The study of stoneflies in the Nyack and elsewhere in the region got its start with Jack Stanford, the long-time director of the biological station, who retired a couple of years ago. Back in the 1980s, Stanford was poking around U.S. Forest Service property in the Nyack, armed with a drilling rig.
Ruth and John Dalimata, whose family has lived in the area since 1941, recall spotting the drilling activity. “John went over to see what he (Stanford) was doing it and that’s how it got started.” The “it” is the drilling of monitoring wells on the Dalimata property and eventually a lease agreement that allows station personnel and others to access the property for research purposes. Another private landowner in the Nyack has a similar agreement. The station has also reached an agreement with the Forest Service for the placement and monitoring of wells.
The Middle Fork in the Nyack area has long been designated a federal Wild and Scenic River. There are plenty of people interested in the river and its environment, including the Dalimatas.
“Jack (Stanford) found and identified a prehistoric bug out there while he was pumping out his wells,” Ruth recalls. “We called them hellgrammites. He called them stoneflies. I hate to admit it, but he was right.”
Stoneflies are far from the only research subject on the Nyack floodplain. Bob Hall, a stream ecologist and professor at the biological station, has landed funding to study how nitrogen is processed in the river and aquifer. Floodplains, he says, are complex systems that attract and hold not only tiny bugs, but all sorts of plant life and large animals, such as grizzly bears.
On a global scale, gravel-bed floodplains are threatened by a variety of forces, including dams, water diversion, agriculture, flood-control efforts, human development, transportation corridors, and climate change.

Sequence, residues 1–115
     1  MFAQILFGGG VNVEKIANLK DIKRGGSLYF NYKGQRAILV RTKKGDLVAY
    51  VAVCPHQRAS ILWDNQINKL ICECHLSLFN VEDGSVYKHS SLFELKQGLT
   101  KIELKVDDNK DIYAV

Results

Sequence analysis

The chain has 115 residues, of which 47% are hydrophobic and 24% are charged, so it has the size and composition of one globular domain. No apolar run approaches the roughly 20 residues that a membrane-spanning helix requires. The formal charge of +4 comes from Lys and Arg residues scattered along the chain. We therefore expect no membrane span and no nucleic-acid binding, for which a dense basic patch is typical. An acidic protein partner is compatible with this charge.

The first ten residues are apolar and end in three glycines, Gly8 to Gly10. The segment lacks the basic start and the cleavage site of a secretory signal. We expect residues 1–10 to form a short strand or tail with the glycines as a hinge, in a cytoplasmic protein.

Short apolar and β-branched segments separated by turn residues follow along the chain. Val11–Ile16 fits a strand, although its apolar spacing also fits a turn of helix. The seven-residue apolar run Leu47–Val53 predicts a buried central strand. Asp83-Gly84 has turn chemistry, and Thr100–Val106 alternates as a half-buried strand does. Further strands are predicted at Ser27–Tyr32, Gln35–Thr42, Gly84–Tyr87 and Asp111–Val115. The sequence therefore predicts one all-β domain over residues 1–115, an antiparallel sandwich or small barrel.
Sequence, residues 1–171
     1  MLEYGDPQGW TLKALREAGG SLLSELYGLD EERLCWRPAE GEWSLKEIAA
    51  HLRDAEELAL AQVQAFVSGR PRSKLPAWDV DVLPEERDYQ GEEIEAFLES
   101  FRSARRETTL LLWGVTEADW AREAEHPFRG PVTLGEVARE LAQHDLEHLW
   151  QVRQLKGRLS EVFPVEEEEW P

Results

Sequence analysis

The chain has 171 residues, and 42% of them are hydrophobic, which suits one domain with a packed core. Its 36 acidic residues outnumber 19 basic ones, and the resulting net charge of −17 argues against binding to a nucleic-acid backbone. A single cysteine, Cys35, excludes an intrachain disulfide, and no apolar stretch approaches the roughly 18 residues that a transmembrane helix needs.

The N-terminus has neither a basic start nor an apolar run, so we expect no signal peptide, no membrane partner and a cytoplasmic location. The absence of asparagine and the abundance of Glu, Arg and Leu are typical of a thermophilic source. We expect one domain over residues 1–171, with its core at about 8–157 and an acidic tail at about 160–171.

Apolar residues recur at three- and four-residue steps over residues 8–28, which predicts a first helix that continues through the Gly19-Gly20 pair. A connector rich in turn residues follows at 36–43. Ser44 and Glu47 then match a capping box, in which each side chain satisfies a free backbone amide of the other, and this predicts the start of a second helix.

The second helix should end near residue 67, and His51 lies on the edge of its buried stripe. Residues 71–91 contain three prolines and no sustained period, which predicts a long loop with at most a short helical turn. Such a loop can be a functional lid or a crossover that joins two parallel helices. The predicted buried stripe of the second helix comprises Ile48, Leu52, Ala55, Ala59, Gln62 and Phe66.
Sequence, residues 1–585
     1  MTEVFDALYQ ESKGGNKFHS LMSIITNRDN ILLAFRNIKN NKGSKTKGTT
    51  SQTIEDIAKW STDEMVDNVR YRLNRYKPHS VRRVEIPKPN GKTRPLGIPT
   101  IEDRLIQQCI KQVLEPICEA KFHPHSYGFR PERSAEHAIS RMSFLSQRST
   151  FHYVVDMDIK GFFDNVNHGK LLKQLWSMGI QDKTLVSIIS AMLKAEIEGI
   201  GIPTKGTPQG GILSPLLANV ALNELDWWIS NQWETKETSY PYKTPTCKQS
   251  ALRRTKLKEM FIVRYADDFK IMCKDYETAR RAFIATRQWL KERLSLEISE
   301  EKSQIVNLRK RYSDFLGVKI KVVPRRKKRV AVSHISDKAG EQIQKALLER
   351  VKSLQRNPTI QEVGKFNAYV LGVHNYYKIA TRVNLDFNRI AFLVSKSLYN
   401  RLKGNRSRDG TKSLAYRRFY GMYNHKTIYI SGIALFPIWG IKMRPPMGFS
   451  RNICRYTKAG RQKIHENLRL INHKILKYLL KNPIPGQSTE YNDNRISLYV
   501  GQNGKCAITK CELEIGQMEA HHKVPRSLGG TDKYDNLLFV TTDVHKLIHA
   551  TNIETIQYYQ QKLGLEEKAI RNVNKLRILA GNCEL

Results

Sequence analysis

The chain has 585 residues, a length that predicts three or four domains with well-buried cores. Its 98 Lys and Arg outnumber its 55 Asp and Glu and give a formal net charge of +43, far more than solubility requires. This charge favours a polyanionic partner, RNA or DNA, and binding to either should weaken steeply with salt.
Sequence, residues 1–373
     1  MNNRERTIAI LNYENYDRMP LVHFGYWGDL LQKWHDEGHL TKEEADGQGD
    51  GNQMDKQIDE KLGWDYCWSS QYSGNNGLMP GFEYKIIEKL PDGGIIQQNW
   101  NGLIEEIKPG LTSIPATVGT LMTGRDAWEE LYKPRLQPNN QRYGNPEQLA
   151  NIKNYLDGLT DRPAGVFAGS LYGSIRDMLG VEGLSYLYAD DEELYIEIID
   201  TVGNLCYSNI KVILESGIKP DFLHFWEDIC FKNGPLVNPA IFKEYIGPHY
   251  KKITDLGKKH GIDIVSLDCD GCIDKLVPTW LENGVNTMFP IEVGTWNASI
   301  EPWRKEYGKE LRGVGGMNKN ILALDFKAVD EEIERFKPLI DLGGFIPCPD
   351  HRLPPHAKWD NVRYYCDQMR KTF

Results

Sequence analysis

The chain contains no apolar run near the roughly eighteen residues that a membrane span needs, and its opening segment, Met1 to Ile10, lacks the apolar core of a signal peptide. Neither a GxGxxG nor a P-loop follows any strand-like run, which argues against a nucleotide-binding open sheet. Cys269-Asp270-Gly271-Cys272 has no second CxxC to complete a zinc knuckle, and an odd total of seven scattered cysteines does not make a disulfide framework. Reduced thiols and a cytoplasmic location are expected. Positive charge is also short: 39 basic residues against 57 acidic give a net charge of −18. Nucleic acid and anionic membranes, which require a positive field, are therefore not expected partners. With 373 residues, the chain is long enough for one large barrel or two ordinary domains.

With all those threats, the untrammeled Nyack is critical to station scientists. Matson, a research specialist, makes monthly trips to the monitoring wells, where he maintains and calibrates equipment and records the fundamental factors that provide a long-term record of environmental conditions. Such a record is the bedrock of much scientific research.
On this crisp morning, the first stop for Matson is a monitoring well and a weather station in the middle of the hayfield just a few hundred yards from Highway 2. The first task involves measuring the barometric pressure at the site, information he will use to calibrate sensors at the wells.
Using a laptop computer and other devices, Matson removes the cap from the well and pulls on thin cables, eventually bringing a black tube — a dissolved oxygen monitor — to the surface. In this process, he points out a pale, pinkish larva of a stonefly that has been pulled from the depths.
This process will be repeated at other wells on the floodplain, some in the streambank areas scoured periodically by flooding, others in stands of dense, old-growth forest. Some of the sensors rest in the Middle Fork itself or in nearby creeks. Simply put, the monitors “give you clues to the biological activity that’s going on down there,” Matson says.
Matson has been doing monthly Nyack trips since 2013. In the winter, his equipment list includes skis and snowshoes to navigate deep snow and waders for crossing unfrozen creeks. In the summer, he adds bear spray to his gear.
He admits the work can turn tedious, especially in the depth of winter. But then the guy who grew up on the South Side of Chicago and was lured west as a college student recalls the sightings of elk, bears and wolf tracks near one of the wells. And there is the value of the scientific study in this remarkable Montana setting.
“I’ve probably been up here 100 times,” he figures. “That’s kind of neat to say.”